Hic! Almost everyone has heard and also involuntary given out this unique yet unmistakable sound sometime in our lives. This uncomfortable experience sometimes causes us or others around us to become annoyed. It may sometimes also cause us to giggle or to be slightly embarrassed depending on where we might be at the time. But have you ever wonder what causes hiccup? I am sure this has crossed your mind sometime in your life. So, lets take a closer look at this usually short-lived uncomfortable experience called hiccup.
In order to fully understand hiccup you will need to have a basic knowledge and understanding of the human diaphragm. So lets take a quick look at what is the diaphragm and its function. The diaphragm is a dome-shaped respiratory muscle, located just below the lungs, separating the chest cavity from the abdomen. Its function is to aid in breathing. When the diaphragm contracts (moving down) the lungs expand causing air to enter. This process is called inhale. Conversely, when the diaphragm relaxes (moving up) the lungs contracts sending air out of the lungs. This process is called exhale.
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So what does this have to do with us having hiccups? Well, hiccup is an uncontrolled spasm in the diaphragm or in other words, a sudden involuntary jerks (contractions) in diaphragm muscle which causes your lungs to quickly draw (suck) in air. As a result of this sudden gush of air flow into the lungs, this causes the glottis (the flap that is located at the top of your windpipe) to abruptly snap shut. Consequently, then comes the characteristic sound: Hic!
Now, to answer the question “what causes hiccup?”. Hiccups are usually triggered by the stimulation of special nerves found in the upper part of our stomach and/or lower part of our esophagus. The vagus nerve which runs from the brain to the abdomen and/or the phrenic nerves that supply the diaphragm usually become irritated. This irritation usually comes from the stomach and digestive system. When this happens the brain sends a response (message) to the diaphragm muscles (effectors) that causes the uncontrolled spasm - hiccup. While there may be many conditions that are associated with the causes of hiccup, experts are still unable or find it difficult to explain hiccups that happen for no obvious reason. Nevertheless, lets look at a few of the different conditions that are associated with the cause of hiccups.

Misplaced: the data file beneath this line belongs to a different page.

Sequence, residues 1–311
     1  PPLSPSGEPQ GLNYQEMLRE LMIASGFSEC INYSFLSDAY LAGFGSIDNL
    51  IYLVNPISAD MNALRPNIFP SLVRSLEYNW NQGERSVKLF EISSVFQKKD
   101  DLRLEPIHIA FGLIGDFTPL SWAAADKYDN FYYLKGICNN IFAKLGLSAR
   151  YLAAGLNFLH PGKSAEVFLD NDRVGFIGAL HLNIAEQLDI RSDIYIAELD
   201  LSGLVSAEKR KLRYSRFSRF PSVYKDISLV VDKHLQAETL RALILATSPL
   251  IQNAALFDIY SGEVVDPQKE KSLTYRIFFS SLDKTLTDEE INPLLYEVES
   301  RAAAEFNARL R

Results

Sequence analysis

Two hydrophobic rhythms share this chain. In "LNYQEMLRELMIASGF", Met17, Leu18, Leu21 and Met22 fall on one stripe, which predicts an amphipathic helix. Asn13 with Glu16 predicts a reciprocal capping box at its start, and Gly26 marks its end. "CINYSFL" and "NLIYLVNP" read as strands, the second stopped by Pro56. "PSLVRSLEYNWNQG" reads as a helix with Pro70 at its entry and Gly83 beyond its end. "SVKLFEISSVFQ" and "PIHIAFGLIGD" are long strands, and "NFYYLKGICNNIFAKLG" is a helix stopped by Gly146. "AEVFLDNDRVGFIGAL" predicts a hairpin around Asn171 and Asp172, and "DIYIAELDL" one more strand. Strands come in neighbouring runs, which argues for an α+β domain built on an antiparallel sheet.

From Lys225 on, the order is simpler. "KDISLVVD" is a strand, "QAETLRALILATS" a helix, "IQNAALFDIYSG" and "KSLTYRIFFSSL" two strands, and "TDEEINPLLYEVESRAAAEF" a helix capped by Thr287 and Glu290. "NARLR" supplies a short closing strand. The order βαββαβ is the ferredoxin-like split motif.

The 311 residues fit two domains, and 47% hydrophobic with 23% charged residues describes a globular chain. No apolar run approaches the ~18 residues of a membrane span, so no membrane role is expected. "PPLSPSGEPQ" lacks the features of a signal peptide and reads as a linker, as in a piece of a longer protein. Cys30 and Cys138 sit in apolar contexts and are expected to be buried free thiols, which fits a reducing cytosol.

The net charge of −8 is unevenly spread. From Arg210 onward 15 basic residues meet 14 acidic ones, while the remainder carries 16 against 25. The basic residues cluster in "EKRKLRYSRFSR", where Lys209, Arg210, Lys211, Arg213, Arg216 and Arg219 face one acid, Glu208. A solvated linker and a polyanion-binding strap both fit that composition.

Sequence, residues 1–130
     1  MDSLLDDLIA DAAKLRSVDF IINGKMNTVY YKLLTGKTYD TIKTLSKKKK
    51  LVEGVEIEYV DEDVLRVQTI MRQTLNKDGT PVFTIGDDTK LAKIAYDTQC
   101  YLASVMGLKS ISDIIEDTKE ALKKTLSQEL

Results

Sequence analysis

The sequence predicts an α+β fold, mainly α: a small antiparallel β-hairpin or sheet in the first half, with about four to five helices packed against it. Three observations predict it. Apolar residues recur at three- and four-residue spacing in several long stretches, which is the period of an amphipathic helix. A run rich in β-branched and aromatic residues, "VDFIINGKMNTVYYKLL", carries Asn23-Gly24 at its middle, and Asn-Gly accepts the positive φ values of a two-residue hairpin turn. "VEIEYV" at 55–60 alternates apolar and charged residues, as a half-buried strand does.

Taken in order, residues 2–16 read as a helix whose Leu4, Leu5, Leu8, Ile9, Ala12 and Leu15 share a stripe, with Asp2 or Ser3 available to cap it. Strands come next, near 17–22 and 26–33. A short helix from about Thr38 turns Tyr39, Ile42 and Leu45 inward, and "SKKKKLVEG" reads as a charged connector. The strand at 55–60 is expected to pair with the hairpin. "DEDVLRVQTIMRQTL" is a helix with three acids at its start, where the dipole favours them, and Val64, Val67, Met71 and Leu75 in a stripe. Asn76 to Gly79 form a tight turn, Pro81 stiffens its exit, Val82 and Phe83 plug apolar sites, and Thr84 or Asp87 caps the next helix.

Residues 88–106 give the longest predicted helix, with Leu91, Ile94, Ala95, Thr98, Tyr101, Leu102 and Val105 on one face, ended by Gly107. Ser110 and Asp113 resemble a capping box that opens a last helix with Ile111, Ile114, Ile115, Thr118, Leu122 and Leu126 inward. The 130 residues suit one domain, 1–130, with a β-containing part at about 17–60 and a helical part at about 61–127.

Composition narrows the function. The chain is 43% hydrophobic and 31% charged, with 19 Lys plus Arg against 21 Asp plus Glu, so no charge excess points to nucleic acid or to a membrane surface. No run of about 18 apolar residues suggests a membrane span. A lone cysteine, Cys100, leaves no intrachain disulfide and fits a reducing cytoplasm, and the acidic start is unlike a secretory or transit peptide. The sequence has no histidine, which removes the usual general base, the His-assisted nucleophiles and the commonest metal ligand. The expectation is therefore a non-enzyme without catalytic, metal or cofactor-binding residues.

Drinking too much alcohol.
Drinking too much carbonated beverages such as sodas.
Drinking carbonated beverages while eating.
Common Cures for the Hiccups
There are many common remedies that claim to cure hiccups. A few of them are listed below. Some of them might seem quite weird but, I guess they must have worked for some people. If you should have an hiccup you may try any of the following given below, it might just work.
And many more.
Hiccups usually go away within minutes but in some rare cases they can persist for hours, days weeks, months and even years!! If it not going away then there is need to see a doctor. A hiccup for more than two days are called persistent or protracted hiccups while if it is more than a month it is called intractable hiccups. There is a case where someone by the name Charles Osborne had it for 69years!! Hiccups over a long time span usually have to do with complication of the brain, spinal cord, diaphragm and its surrounding structures. Prolong (intractable) hiccup can induce depression, sleep deprivation and weight loss .
The causes and purpose of hiccup is not fully known however, the body is always protecting itself from injury or harm so the reflex action that causes hiccup is the body ways of dealing with signals that say something is not quite right. Also, the cause of most hiccups remains a puzzle. Nevertheless, it seems that any condition that causes the irritation of the throat and diaphragm including anything that place pressure on its nerve or around the diaphragm structure can cause hiccups.
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